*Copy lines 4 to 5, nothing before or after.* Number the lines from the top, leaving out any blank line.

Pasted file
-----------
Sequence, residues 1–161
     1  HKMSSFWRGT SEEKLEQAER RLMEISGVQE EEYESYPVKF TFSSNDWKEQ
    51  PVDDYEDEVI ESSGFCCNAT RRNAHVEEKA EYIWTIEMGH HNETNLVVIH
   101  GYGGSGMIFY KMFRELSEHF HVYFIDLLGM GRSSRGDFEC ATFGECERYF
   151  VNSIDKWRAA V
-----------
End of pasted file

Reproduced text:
   101  GYGGSGMIFY KMFRELSEHF HVYFIDLLGM GRSSRGDFEC ATFGECERYF
   151  VNSIDKWRAA V